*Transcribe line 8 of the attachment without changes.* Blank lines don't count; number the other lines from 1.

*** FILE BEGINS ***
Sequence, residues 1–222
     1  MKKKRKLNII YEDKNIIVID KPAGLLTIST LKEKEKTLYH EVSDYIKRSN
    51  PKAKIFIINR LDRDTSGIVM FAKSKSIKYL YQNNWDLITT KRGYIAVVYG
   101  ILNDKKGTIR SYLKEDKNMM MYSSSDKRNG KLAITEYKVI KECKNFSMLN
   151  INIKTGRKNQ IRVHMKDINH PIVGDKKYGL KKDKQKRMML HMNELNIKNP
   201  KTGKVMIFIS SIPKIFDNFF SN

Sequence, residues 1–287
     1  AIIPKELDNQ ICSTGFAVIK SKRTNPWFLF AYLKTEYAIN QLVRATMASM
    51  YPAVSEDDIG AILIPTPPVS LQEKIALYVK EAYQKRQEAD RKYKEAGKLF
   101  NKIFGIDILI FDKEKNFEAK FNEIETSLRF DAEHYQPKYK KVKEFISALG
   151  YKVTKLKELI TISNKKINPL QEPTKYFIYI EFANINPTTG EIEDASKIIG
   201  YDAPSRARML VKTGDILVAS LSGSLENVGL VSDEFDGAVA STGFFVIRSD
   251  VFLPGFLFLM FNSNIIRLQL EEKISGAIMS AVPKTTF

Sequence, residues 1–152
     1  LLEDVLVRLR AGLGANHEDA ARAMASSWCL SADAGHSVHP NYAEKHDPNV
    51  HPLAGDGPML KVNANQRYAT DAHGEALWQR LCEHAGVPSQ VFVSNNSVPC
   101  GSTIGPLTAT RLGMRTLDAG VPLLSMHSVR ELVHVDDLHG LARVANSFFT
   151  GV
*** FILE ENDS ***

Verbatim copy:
     1  AIIPKELDNQ ICSTGFAVIK SKRTNPWFLF AYLKTEYAIN QLVRATMASM